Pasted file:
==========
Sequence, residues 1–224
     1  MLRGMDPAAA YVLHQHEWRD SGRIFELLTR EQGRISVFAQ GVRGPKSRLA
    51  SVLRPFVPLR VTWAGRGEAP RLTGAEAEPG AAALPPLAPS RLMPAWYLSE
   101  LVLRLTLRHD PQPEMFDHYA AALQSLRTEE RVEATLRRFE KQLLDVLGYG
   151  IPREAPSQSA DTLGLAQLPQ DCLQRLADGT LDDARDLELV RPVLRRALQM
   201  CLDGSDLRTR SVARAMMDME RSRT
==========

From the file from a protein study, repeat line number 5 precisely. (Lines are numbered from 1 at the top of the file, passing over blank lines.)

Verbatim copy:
   151  IPREAPSQSA DTLGLAQLPQ DCLQRLADGT LDDARDLELV RPVLRRALQM